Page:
Canadian independent filmmaker Rob Stefaniuk likes to joke that he made a deal with the devil. Suck, his vampire rock n’ roll movie about an unsuccessful band who find fame on the dark side, stars the likes of legends Iggy Pop, Alice Cooper, Moby, Malcolm McDowell and Henry Rollins.
“I went down to the crossroads and made a deal,” Stefaniuk laughs. “It was kind of a domino effect. Iggy Pop was the first start to sign on and we got him by sending him an email. I went and saw him at Massey Hall with The Stooges reunion show and I thought, ‘what do we have to lose?’
“Henry Rollins said he’d be in it because Iggy was in it, and one of my producers had worked with Moby before…then the other producer had worked with Malcolm McDowell. So once we had those people Alice Cooper happened to know all of [them] - Alice plays golf with Malcolm and has known Iggy for 40 years - so he was like, ‘I know your whole cast, I’ll do it, sure!’ It was fantastic.”
The cast sure look like they’re having a fun hamming it up for Stefaniuk’s vamped up, deadpan comedy. Indeed Suck is a film that has its fangs very firmly in its cheek, with the writer-director clearly happy to play to the cult audience and mine the rock star/vampire parallels for all their gory, comedic worth.
“The metaphors just don’t end! Dead people sell more records; the look of them, [they’re] up all night and sleeping during the day – even 'bloodsucking managers' – the whole aspect of it just kept working.”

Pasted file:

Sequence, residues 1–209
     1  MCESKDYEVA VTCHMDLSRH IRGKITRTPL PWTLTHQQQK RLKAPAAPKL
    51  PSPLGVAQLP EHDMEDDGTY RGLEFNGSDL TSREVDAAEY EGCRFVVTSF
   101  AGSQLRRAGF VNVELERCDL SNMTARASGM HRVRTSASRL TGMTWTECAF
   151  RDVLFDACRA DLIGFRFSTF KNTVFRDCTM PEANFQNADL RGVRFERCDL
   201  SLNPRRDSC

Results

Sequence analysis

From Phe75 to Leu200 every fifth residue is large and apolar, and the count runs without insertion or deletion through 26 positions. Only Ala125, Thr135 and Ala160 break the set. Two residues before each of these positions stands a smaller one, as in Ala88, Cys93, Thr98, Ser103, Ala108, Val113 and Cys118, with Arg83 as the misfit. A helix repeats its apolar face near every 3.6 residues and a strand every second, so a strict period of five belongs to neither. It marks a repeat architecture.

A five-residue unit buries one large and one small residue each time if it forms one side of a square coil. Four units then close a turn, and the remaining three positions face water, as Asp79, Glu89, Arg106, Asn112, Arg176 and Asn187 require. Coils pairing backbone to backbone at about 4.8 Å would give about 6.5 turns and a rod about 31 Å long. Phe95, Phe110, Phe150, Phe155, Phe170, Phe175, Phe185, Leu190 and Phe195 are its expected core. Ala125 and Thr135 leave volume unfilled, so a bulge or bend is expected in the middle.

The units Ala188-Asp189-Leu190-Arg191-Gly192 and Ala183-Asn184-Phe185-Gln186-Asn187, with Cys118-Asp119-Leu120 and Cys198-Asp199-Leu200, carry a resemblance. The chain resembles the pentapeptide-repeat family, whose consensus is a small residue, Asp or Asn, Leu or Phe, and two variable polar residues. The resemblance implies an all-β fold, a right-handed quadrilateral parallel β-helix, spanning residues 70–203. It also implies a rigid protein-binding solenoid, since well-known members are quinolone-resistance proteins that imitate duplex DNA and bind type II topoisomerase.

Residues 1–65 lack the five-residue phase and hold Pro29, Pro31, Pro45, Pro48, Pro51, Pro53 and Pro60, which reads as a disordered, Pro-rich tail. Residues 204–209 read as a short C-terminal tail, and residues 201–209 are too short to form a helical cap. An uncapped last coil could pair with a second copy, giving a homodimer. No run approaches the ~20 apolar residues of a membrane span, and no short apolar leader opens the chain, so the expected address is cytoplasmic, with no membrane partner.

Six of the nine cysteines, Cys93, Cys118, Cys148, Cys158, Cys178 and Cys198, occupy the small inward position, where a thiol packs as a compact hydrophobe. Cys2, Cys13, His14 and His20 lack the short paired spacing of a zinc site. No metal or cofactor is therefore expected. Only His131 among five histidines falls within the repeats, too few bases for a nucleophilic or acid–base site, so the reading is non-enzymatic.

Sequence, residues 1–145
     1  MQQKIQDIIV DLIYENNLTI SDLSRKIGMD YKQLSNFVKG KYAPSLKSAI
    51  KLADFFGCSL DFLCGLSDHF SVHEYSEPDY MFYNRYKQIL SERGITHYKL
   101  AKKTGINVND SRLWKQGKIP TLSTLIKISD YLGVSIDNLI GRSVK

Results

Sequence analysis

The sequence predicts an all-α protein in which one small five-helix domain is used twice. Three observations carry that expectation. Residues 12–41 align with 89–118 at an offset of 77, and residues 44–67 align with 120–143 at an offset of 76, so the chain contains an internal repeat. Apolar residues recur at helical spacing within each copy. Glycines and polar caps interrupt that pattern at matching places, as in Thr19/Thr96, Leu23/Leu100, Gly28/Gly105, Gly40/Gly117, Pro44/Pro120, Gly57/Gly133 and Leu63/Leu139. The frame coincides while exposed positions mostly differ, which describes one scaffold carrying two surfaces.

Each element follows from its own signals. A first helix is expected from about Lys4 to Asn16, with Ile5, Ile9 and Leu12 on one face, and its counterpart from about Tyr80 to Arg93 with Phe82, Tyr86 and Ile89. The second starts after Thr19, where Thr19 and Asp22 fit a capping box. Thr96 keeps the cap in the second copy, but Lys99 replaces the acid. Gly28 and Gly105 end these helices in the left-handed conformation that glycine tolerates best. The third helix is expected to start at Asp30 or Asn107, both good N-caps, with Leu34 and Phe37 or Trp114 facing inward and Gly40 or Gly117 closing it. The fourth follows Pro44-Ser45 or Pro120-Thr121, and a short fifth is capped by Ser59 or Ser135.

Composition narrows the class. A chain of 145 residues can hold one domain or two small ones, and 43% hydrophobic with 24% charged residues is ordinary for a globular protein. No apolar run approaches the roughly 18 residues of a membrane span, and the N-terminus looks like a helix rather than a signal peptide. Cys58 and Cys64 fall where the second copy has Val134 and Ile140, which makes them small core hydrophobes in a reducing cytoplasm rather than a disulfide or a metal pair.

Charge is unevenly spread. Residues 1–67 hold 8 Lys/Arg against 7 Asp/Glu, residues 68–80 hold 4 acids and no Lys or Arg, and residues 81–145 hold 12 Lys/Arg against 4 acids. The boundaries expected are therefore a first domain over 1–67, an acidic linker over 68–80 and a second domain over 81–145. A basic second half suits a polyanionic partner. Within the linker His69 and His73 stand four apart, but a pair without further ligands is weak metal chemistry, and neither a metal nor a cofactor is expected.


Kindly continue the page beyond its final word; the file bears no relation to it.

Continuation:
In developing the script, Stefaniuk was also able to draw on personal experience. “There is a French-Canadian guitar tech named Hugo, who makes me laugh in real life, so I know it’ll be funny if you put Hugo in a room with a vampire. Then you get notes that say, ‘This movie has no tension.’ [But] I’m writing for stoners; tension’s not really important!”
As a musician (who penned the film’s original songs), Stefaniuk found further reflexivity. “I’d played in bands that weren’t successful, [so] there’s the parallel of always being in these types of bands and being an indie filmmaker. It’s always good to take things that make you cry in real life, that make you laugh on the page.”
It shouldn’t come as such a surprise, then, to hear Stefaniuk stress, “this isn’t my vampire movie, this is my rock n roll movie; it just happened to have vampires in it.”
“I wanted [Suck] to be an irreverent rock 'n' roll world, not cinéma vérité. This is what a rock band’s life feels like, but not what it actually is.”
This blood soaked, super-stylised romp leaves quite the impression. In fact, Stefaniuk has just returned from Montreal’s Fantasia International Film Festival where it seems his devilish luck continued; Suck played to a packed house (“750 people going crazy and screaming at the screen”)…at two o’clock in the afternoon!
But with the tricky task of distributing of his small budget Canadian flick, Stefaniuk is looking back to the underworld.
“I should have asked for an American movie. I made a big mistake,” he ruefully concludes. “The devil always kicks you somehow.”
Published by Street Press Australia (p.51)
Suck will be screening at Possible Worlds TOMORROW night